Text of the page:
The Congressional Review Act, 5 U.S.C. 801 et seq., as added by the Small Business Regulatory Enforcement Fairness Act of 1996, generally provides that before a rule may take effect, the agency promulgating the rule must submit a rule report, which includes a copy of the rule, to each House of the Congress and to the Comptroller General of the United States. EPA will submit a report containing this rule and other required information to the U.S. Senate, the U.S. House of Representatives, and the Comptroller General of the United States prior to publication of the rule in the Federal Register. A major rule cannot take effect until 60 days after it is published in the Federal Register. This action is not a “major rule” as defined by 5 U.S.C. 804(2).

Under section 307(b)(1) of the Clean Air Act, petitions for judicial review of this action must be filed in the United States Court of Appeals for the appropriate circuit by August 16, 2004. Filing a petition for reconsideration by the Administrator of this final rule does not affect the finality of this rule for the purposes of judicial review nor does it extend the time within which a petition for judicial review may be filed, and shall not postpone the effectiveness of such rule or action. This action may not be challenged later in proceedings to enforce its requirements. (See section 307(b)(2).)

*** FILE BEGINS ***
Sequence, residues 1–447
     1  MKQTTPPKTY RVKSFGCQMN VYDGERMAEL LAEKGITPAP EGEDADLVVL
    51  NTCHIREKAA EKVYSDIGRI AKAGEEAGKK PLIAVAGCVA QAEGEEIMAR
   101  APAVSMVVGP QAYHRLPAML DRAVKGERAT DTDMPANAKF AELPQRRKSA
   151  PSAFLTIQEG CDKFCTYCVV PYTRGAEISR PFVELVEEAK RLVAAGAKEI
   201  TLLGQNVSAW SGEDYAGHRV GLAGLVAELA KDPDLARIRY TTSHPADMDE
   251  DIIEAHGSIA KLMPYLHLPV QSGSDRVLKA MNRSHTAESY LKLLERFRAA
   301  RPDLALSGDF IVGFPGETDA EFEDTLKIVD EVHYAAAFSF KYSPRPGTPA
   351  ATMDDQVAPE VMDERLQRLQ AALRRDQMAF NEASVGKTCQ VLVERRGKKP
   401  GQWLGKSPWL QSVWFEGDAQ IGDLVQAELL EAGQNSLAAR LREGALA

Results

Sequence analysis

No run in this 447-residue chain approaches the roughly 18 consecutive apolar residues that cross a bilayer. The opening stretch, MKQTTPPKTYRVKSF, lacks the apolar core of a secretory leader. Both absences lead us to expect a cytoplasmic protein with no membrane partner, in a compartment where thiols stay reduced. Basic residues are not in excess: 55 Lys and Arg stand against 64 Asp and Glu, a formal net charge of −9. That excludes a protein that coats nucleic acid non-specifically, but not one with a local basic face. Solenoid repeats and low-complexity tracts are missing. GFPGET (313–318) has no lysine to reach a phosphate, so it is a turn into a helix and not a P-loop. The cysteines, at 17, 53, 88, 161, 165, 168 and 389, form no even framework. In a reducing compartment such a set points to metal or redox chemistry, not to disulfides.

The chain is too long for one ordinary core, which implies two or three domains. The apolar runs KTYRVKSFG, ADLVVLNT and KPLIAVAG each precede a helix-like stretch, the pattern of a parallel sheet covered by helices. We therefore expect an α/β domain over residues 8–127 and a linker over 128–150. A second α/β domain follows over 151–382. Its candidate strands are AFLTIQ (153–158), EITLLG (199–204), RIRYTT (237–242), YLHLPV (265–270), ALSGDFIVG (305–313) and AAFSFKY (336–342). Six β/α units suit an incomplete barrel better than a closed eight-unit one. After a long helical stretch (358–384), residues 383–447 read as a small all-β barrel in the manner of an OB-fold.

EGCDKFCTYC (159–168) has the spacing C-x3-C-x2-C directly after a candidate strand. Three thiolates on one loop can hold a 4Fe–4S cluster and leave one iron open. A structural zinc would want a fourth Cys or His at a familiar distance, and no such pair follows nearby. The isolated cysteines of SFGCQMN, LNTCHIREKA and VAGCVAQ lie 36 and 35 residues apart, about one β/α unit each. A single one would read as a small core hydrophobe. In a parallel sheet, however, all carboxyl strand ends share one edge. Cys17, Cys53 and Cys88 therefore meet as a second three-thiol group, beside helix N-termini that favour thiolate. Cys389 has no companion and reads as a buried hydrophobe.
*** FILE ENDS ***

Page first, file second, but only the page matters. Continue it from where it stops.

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List of Subjects in 40 CFR Part 52

  • Environmental protection
  • Air pollution control
  • Intergovernmental relations
  • Nitrogen dioxide
  • Ozone
  • Particulate matter
  • Reporting and recordkeeping requirements
  • Volatile organic compounds
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Dated: June 3, 2004.

A. Stanley Meiburg,

Acting Regional Administrator, Region 4.